“I wanted to get that law degree in my hand before I came out,” he says. “I wasn’t going to put my law degree at risk by throwing down the gay card at Baylor. That would have gotten you an invitation to go to Pat Neff Hall and speak to people in the administration.”

Today, Spain is married to fellow civil-appeals attorney John Adcock. “We’re just a couple of law nerds,” he says. They have a 16-year-old son, Jeff, and the family is heavily involved in Scouting. Spain is an Eagle Scout, and worked for three years as a district scout executive for the the Boy Scouts of America before coming out. At that time, the Scouts banned openly gay scouts and leaders.

“When Jeff was in third grade, John and I discussed getting him into Scouts,” Spain says. “We decided to do what was best for Jeff rather than stand on principle.”

But that didn’t stop Spain from working on the national level to end the bans as part of a group called Scouts for Equality. In 2013, the association dropped the ban on gay Scouts, and in 2015 the Boy Scouts of America finally reversed the policy and welcomed gay leaders. “The next day, both John and I became the first openly gay Scout leaders in the Sam Houston Area Council.” Today, Spain is the scoutmaster of his son’s troop at Palmer Memorial Episcopal Church.

Spain’s other passion is vexillology, the study of flags. Growing up, his grandparents owned a little café in Crockett, Texas, and flew the Six Flags Over Texas.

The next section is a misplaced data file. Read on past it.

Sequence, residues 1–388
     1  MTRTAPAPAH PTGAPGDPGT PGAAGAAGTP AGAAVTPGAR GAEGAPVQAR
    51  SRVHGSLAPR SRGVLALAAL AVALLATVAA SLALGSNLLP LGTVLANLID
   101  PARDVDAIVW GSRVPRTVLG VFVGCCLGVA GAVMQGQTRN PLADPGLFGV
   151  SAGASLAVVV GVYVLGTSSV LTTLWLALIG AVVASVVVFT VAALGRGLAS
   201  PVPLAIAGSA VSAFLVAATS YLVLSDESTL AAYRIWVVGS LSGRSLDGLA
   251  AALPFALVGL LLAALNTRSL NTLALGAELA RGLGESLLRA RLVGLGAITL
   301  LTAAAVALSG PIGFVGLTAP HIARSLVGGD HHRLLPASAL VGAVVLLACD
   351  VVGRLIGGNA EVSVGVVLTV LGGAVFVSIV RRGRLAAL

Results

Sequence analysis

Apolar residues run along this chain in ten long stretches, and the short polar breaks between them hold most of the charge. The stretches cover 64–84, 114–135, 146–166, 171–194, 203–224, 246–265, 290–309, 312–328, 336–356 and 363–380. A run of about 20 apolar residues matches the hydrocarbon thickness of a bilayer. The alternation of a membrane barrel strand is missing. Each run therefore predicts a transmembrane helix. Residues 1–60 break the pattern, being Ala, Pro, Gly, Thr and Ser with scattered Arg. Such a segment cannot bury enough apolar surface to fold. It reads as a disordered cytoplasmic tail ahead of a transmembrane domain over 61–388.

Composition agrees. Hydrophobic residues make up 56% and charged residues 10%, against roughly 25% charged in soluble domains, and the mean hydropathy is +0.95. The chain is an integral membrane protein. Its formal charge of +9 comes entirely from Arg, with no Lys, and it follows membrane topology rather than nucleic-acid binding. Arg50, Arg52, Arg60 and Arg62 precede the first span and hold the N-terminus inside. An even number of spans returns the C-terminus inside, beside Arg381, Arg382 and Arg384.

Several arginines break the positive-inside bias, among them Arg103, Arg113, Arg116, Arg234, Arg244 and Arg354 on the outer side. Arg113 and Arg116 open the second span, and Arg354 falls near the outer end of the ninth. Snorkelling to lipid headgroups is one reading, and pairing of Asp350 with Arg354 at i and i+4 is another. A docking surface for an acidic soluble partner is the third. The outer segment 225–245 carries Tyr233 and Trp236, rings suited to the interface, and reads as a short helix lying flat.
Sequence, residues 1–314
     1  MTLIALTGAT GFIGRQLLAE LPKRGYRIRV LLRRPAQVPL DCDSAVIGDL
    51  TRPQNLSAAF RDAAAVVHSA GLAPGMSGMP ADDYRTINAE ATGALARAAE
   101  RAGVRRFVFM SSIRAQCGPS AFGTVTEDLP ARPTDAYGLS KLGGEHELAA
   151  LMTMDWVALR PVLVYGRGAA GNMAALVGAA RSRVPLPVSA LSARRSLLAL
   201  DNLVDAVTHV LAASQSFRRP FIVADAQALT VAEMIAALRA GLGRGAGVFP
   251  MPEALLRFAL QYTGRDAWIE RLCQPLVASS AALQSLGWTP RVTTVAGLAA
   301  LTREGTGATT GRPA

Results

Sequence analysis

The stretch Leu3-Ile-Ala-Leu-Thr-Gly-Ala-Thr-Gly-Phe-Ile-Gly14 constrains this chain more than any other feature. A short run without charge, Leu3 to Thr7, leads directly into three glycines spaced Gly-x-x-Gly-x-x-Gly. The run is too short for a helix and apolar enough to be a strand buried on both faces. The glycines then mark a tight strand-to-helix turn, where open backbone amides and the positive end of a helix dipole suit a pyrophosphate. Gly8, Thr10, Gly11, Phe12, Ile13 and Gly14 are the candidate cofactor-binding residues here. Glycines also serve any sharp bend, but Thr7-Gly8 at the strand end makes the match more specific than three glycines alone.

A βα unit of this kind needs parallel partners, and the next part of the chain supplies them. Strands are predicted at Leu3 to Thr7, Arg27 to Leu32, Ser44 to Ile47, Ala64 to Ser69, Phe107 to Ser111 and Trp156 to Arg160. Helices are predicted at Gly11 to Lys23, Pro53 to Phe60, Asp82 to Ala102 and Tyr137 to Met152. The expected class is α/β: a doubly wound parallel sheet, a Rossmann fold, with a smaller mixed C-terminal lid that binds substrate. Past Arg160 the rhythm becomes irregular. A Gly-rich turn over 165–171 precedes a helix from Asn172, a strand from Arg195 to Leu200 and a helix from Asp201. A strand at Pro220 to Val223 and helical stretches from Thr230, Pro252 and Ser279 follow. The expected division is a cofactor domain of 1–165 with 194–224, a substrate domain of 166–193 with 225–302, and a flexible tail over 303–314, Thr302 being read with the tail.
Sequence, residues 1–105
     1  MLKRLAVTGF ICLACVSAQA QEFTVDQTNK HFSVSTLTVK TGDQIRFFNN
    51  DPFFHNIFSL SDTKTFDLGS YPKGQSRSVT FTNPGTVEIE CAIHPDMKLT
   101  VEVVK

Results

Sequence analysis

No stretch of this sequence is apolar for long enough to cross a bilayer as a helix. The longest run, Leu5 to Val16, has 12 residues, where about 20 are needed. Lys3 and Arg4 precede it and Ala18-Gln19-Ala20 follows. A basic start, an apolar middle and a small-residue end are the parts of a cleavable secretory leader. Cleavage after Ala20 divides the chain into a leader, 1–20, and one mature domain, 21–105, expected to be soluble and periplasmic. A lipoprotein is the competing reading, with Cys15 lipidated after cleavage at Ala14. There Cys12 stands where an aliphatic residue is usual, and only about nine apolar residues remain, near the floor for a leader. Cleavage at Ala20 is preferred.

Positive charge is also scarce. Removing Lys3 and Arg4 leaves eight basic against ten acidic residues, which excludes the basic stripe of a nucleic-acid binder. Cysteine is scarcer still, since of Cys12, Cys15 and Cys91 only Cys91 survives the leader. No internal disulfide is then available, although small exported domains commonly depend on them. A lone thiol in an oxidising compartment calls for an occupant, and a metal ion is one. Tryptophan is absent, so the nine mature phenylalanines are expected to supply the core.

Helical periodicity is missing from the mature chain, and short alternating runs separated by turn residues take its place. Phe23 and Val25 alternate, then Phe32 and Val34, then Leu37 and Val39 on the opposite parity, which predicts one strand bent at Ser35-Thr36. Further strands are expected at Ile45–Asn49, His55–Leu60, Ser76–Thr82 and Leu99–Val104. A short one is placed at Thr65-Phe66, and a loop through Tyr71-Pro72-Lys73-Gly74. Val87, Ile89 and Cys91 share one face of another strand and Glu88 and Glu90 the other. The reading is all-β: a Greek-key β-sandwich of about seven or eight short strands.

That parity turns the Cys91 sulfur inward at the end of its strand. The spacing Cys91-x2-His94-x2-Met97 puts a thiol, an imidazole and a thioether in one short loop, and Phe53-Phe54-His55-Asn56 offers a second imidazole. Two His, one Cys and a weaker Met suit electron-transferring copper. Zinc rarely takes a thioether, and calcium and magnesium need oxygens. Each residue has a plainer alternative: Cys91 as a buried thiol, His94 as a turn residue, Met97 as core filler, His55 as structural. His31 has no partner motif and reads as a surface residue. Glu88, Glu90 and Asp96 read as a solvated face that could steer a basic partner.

“That fascinated me,” Spain says. “And then I studied flags in the Scouts. Flags are just the single most powerful political symbol. Just look at the Nazi flag if you don’t think so.”

Spain serves as secretary general for the International Federation of Vexillological Associations, which he calls “the U.N. of flag associations.” He once co-chaired the Texas State Seal Advisory Committee and was instrumental in getting the Confederate battle flag removed from the reverse of the state seal. He’s also very well versed in Texas history.

“The current Texas Constitution took effect in 1876,” Spain says. “It was right after Reconstruction. During that period, judges were appointed, and the people of Texas didn’t like that, so when the Constitution was written, it called for judges to be elected.”

Texas is one of only seven states where judges are elected in partisan races. “It’s just the system we have,” Spain says. “Whether elected or appointed, there is always going to be politics involved in the process. The thing about running for election is that you have to get out there and meet the people you are going to serve, and that meeting process teaches you something about the place where you live.”

This article appears in the December 2018 edition of OutSmart magazine.  



Marene Gustin

Marene Gustin has written about Texas culture, food, fashion, the arts, and Lone Star politics and crime for television, magazines, the web and newspapers nationwide, and worked in Houston politics for six years. Her freelance work has appeared in the Austin Chronicle, Austin-American Statesman, Houston Chronicle, Houston Press, Texas Monthly, Dance International, Dance Magazine, the Advocate, Prime Living, InTown magazine, OutSmart magazine and web sites CultureMap Houston and Austin, Eater Houston and, among others.